Mortgage rates slipped again in the week ending 16th May. 30-year fixed rates fell by 3 basis points following on from a 4 basis point rise from the previous week. The 3 basis point fall took 30-year rates to 4.07% according to figures released by Freddie Mac.
Following the weekly fall, 30-year fixed rates stood 54 basis points below levels from 12-months ago.
More significantly, 30-year fixed rates have fallen by 87 basis points since last November’s most recent peak of 4.94%.
Economic Data from the Week
Economic data released out of the U.S through the first of the week was on the lighter side. April retail sales, industrial production, and NY Empire State Manufacturing figures provided direction.
Weaker than forecast retail sales figures weighed on the Dollar and U.S Treasury yields on Wednesday, supporting the decline in mortgage rates.
Adding to the increase in demand for U.S Treasuries was rising concern over the ongoing U.S – China trade war.
Talks ended without an agreement and China retaliated to the U.S tariff hike by introducing tariffs on $60bn worth of U.S goods.
From outside of the U.S,
Economic data out of China was also weighed and reflected the effects of the extended trade war. Industrial production grew by just 5.4%, year-on-year, in April, coming up well short of a forecasted 6.5%. In March, industrial production had increased by 8.5%. Retail sales also softened over the month. Retail sales rose by 7.2%, easing back from 8.7% in March. Forecasts were for an 8.6% rise, year-on-year.
Freddie Mac Rates
The weekly average rates for new mortgages as of 16th May were quoted by Freddie Mac to be:
30-year fixed rates fell by 3 basis points to 4.07% in the week. Rates were down from 4.61% from a year ago. The average fee held steady at 0.5 points.
15-year fixed rates slipped by 4 basis points to 3.53% in the week. Rates were down from 4.08% from a year ago. The average fee remained unchanged at 0.4 points.
5-year fixed rates increased by 3 basis points to 3.66% in the week. Rates decreased by 16 basis points from last year’s 3.82%. The average fee held steady at 0.4 points.
According to Freddie Mac, weaker consumer spending and manufacturing data, along with continued jitters around trade policy led to a pullback in interest rates.
In spite of economic indicators raising warning signals, sentiment towards the economy and a solid labor market are expected to support home sales this summer.
Mortgage Bankers’ Association Rates
For the week ending 10th May, rates were quoted to be:
Average interest rates for 30-year fixed, backed by the FHA, decreased from 4.44% to 4.32%. Points decreased from 0.56 to 0.49 (incl. origination fee) for 80% LTV loans.
Average interest rates for 30-year fixed with conforming loan balances decreased from 4.41% to 4.40%. Points decreased from 0.47 to 0.40 (incl. origination fee) for 80% LTV loans.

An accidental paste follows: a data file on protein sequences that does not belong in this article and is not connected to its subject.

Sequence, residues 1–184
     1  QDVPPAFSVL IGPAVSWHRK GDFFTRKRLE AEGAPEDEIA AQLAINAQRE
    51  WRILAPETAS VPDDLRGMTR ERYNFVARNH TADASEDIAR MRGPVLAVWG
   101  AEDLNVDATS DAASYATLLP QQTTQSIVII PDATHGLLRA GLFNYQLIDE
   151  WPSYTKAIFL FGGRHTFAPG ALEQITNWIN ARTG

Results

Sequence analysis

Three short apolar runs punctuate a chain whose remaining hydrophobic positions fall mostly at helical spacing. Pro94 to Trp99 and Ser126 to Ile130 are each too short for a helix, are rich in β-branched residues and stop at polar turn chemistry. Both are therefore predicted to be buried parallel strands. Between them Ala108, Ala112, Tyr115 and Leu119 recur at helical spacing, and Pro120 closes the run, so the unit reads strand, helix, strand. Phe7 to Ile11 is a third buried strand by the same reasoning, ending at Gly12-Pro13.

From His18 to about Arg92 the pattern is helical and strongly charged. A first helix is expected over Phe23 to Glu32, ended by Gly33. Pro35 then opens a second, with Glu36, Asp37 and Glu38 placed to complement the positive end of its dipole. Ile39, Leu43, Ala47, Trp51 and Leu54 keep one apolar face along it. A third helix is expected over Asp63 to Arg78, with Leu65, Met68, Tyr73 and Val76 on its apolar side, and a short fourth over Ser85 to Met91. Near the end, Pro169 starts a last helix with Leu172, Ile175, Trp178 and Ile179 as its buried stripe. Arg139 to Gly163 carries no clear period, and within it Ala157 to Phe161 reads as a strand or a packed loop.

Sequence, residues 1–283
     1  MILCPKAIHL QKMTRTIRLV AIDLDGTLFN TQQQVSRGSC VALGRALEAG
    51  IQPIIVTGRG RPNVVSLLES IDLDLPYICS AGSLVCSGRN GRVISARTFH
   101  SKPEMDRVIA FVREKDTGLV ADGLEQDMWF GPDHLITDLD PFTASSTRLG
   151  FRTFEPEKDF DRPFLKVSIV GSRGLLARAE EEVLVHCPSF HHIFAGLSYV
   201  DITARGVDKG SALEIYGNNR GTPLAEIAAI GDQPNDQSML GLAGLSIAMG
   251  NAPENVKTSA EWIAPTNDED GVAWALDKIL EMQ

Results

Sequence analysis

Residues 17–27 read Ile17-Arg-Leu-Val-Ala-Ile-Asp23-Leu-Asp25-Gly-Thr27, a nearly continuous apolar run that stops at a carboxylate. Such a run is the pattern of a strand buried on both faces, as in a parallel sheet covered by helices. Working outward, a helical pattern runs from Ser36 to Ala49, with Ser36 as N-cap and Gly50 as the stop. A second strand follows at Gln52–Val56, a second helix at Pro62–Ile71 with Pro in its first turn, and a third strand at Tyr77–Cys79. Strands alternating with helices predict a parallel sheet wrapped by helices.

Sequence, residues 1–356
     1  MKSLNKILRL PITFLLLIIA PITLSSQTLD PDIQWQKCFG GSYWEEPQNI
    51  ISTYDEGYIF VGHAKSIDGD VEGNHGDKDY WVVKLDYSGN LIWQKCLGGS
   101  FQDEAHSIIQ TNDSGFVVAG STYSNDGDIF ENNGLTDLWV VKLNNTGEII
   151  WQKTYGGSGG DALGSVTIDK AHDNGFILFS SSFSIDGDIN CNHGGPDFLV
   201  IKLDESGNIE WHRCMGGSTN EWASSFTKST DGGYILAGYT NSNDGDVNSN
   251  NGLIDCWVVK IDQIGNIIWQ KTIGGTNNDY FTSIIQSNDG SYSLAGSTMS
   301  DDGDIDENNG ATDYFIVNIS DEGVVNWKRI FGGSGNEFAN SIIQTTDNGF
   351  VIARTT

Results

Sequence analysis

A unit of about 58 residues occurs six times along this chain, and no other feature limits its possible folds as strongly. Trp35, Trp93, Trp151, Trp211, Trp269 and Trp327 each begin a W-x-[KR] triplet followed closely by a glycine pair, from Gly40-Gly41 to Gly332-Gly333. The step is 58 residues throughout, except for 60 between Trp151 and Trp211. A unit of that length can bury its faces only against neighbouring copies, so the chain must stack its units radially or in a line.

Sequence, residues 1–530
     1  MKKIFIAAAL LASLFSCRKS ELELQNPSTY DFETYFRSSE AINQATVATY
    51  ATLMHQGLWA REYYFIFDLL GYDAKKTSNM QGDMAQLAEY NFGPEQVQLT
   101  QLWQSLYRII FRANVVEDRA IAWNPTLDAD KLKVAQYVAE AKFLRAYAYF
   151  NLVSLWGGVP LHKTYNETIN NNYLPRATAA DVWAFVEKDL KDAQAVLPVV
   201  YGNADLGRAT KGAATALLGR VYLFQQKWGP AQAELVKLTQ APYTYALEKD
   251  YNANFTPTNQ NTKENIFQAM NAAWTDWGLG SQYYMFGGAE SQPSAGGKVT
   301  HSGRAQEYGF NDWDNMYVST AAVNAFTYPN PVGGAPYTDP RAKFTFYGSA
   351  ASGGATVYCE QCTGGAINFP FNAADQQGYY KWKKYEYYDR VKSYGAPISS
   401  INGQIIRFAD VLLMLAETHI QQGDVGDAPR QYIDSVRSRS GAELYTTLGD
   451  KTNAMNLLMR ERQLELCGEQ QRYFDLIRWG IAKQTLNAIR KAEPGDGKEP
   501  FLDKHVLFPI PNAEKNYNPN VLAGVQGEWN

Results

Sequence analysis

Average 30-year rates for jumbo loan balances decreased from 4.27% to 4.24%. Points remained increased from 0.23 to 0.27 (incl. origination fee) for 80% LTV loans.
Weekly figures released by the Mortgage Bankers Association showed that the Market Composite Index, which is a measure of mortgage loan application volume, slipped by 0.6% in the week ending 10th May. The decrease partially reversed a 2.7% increase in the week ending 3rd May.
The Refinance Index decreased by 1% in the week ending 10th May. The Index had increased by 4% in the previous week ending 3rd May.
The share of refinance remained unchanged at 37.9% following a decrease from 38.8% to 37.9% in the week prior.
According to the MBA, while purchase applications eased slightly, they remained almost 7% higher than a year ago. The MBA also noted that increased anxiety from ongoing trade disputes could cause potential buyers to put off home searches near-term.
Earlier in the week, the Mortgage Bankers Association released mortgage delinquency figures for the 1st quarter. According to the latest National Delinquency Survey,
The delinquency rate for mortgage loans on 1-4 unit residential properties increased to 4.42% of all outstanding loans.
While up by 36 basis points, quarter-on-quarter, the delinquency rate was down 21 basis points, year-on-year.
Year-on-year, the percentage of loans on which foreclosure actions were commenced fell by 5 basis points in the 1st quarter and by 2 basis points, quarter on quarter.
In spite of the increase, it was the 3rd lowest delinquency rate in the last 12-years.
For the week ahead
It’s a particularly quiet week ahead. April existing home sales are due in the first half of the week.
We expect the figures to have a muted impact on yields, with the focus being on the FOMC meeting minutes due out on Wednesday.
The FED has hit pause and FED Chair Powell sees no reason to consider resume rate hikes anytime soon. This week’s minutes are unlikely to deliver too many surprises…
With FED monetary policy in mind, FED Chair Powell is due to speak on Tuesday. Any dovish chatter would support another weekly fall in mortgage rates, assuming there is no resolution to the trade war.
All things considered, sentiment towards the extended trade war will continue to be the key driver in the week.
This article was originally posted on FX Empire